Further cuts would be "an impossible assignment," Mr. Rothenberg said. The 10 NASA centers have already undergone six months of "zero-based" budget reviews, and have consolidated some operations that make the centers interdependent. Further cuts would "put a hole in our ability to do the job."

Also targeted by Mr. Lewis for closing are the Marshall Space Flight Center in Huntsville, Ala., and the Langley Research Center in Hampton, Va. The proposal would cut NASA's budget by $130 million more than the Clinton proposal for fiscal 1996.

Mr. Lewis scoffed at charges by Maryland lawmakers that he was trying to advance his own political fortunes by moving Goddard's jobs to a NASA facility near his district. Maryland's delegation geared up to fight back, summoning Daniel S. Goldin, the NASA administrator, and Gov. Parris N. Glendening to a meeting in Washington today.

"I don't think this is a serious proposal, but that doesn't mean we're not taking it seriously," said Rep. Steny H. Hoyer, the Maryland Democrat whose district includes the space flight center.

Democratic Sen. Paul S. Sarbanes called it "a preposterous recommendation. I don't expect it to happen."

The Goddard Space Flight Center opened in 1959, the same year it captured the first images of Earth, from the Explorer VI satellite.

Today, its primary job is Mission to Planet Earth, a coordinated effort to study Earth's changing environment from orbit. Although the project is under severe budgetary pressure, its data-management building is built and ready to open. Plans call for the first of the Earth-observing satellites to be launched next year.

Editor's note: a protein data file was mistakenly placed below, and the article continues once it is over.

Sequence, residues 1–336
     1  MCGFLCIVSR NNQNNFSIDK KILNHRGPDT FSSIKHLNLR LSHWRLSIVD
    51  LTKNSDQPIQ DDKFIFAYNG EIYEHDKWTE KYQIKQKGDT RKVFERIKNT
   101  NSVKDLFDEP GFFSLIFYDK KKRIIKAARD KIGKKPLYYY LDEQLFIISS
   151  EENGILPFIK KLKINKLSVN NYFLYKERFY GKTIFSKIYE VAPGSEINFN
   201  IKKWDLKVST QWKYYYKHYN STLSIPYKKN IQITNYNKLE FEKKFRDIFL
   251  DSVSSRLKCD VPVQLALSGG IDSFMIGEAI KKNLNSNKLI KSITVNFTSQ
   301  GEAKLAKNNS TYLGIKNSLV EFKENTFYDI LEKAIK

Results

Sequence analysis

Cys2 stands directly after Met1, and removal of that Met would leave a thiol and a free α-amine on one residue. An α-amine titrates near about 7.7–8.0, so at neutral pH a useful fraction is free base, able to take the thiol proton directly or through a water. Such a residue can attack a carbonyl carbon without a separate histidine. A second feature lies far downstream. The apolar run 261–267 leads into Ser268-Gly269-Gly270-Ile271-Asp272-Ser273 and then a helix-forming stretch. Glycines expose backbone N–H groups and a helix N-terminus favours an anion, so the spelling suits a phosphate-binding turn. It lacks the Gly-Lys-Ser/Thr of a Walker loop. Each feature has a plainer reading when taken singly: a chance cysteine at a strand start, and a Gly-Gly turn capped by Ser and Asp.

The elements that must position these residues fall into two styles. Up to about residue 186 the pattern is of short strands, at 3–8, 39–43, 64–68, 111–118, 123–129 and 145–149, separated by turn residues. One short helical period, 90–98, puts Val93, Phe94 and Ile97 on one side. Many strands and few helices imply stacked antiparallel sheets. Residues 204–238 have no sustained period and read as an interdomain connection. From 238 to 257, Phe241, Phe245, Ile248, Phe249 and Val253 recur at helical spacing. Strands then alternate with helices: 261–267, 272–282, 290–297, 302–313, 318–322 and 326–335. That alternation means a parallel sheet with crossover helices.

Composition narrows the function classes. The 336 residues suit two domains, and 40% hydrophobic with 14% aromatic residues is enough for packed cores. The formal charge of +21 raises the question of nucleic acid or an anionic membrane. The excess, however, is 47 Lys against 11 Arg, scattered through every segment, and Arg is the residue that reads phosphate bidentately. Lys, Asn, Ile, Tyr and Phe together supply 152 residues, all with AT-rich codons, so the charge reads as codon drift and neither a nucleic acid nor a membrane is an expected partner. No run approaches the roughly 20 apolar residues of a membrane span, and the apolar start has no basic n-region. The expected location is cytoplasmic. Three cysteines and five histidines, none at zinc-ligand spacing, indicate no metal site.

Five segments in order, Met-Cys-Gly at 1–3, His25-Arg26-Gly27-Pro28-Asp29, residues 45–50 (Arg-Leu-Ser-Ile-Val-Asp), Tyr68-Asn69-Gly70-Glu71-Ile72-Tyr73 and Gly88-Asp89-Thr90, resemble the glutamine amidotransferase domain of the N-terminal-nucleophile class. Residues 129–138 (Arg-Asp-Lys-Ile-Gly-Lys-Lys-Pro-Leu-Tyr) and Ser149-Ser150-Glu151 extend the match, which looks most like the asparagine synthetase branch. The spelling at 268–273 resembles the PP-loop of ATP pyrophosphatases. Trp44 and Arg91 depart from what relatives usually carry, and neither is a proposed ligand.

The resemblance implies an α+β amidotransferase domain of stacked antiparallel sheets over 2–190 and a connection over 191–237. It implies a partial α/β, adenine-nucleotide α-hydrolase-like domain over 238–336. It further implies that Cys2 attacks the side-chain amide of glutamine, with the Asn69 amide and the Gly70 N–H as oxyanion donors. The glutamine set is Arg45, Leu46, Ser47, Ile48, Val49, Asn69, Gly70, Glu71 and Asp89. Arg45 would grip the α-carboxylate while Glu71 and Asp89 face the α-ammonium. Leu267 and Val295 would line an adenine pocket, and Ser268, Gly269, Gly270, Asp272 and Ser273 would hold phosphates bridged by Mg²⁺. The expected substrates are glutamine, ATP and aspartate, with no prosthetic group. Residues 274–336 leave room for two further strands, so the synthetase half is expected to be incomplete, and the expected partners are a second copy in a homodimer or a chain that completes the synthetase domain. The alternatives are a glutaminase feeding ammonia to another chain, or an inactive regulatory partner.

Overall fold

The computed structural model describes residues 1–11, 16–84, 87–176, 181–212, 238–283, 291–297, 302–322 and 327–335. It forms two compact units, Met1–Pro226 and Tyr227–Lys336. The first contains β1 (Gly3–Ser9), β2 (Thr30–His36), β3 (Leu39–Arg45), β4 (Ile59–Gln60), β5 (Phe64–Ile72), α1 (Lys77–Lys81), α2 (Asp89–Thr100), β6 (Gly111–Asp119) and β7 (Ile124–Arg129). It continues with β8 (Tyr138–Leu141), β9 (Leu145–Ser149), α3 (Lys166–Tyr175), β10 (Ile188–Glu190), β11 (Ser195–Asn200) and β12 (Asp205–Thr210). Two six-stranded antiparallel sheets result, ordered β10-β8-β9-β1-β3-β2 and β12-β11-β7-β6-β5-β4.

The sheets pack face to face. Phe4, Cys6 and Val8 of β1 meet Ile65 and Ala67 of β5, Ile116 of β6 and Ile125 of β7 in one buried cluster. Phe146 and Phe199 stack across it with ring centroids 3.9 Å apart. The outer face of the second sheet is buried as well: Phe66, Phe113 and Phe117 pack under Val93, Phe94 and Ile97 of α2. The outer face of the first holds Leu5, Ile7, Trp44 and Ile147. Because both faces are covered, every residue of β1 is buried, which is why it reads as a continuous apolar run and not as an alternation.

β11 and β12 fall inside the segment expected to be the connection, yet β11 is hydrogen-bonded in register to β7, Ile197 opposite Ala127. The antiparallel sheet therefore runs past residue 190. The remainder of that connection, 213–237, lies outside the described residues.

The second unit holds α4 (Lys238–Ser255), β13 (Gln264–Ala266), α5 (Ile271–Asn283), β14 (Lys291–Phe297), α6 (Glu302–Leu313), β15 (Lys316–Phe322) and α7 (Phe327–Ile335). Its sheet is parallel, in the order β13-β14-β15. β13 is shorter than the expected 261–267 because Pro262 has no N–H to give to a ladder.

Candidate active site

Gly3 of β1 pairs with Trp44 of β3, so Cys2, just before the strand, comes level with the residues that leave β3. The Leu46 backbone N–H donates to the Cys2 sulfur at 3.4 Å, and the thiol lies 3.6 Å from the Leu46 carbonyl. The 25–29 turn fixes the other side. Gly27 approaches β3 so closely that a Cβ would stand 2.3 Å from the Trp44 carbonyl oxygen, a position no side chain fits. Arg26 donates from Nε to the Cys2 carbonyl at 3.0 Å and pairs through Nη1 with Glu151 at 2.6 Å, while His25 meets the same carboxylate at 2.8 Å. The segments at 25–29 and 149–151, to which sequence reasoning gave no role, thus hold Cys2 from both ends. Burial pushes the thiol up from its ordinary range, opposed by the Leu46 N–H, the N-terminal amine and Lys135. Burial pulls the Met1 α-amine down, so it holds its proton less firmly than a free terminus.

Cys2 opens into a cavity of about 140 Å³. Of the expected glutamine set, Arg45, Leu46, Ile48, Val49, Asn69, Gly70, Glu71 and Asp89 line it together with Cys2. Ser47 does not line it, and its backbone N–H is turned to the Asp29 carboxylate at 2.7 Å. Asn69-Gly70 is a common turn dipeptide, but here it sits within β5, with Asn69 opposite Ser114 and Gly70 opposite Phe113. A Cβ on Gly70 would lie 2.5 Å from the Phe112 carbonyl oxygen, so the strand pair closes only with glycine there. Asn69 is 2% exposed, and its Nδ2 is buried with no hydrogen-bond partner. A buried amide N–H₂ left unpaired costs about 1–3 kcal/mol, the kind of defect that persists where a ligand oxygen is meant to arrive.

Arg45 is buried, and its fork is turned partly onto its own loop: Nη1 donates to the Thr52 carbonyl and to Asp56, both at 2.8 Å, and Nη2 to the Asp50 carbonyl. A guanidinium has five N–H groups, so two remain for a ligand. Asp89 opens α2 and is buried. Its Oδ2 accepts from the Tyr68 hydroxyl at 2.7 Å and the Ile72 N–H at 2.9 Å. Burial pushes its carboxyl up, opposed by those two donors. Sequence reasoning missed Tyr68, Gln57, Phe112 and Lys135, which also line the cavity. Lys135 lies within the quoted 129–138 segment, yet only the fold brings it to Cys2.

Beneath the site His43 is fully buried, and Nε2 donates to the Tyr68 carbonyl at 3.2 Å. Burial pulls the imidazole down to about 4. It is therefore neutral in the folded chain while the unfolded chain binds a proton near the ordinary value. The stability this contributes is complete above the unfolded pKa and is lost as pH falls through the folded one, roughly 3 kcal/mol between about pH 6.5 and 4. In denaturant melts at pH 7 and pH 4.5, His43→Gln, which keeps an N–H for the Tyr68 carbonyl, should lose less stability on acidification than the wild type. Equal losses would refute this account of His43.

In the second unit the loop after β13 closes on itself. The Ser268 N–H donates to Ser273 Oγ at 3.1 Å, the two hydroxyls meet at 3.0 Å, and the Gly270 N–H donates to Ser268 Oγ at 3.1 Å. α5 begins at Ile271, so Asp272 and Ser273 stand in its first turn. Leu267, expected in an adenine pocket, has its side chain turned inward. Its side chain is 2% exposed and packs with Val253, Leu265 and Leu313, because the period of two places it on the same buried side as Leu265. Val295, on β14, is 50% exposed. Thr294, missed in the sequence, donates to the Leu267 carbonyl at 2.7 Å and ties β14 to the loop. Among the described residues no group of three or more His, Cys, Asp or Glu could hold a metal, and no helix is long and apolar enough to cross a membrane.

Goddard also coordinated the 1993 repair mission to the Hubble Space Telescope, and manages the orbiting observatory's day-to-day operations, in close cooperation with astronomers at the Space Telescope Institute in Baltimore.

"The physical proximity had a lot to do with why the Space Telescope Science Institute is here in Baltimore," Dr. Davidsen said. "Those people involved with managing the whole thing go back and forth constantly to discuss various aspects of their operations."

Goddard also develops and tests satellites, including a growing network of weather satellites. It operates the Wallops Island test facility in Virginia and the Goddard Institute for Space Studies in New York City.

In all, Goddard employs about 13,000 people, including 3,500 civil servants and 9,500 private contract personnel. Most work at Greenbelt, but others are stationed at facilities around the country.

The Jet Propulsion Laboratory is operated for NASA by the California Institute of Technology. Of the 6,800 JPL employees, 5,500 work for CalTech, the rest for private NASA contractors.

Compared with Goddard's sprawling suburban campus, JPL is a compact urban facility. Its 100 buildings crowd 177 acres backed up against the San Gabriel Mountains northwest of downtown Pasadena. Its managers have been forced to rent space elsewhere in the area because of a shortage on the main site.

"In recent years, we have been attempting to develop new facilities at the main site and bring those off-site activities back," said JPL spokesman Frank O'Donnell.

JPL scientists are preparing for the deployment early tomorrow of the Galileo spacecraft's atmospheric probe, which will parachute into the atmosphere of the planet Jupiter in December. Two missions to Mars will be launched late next year.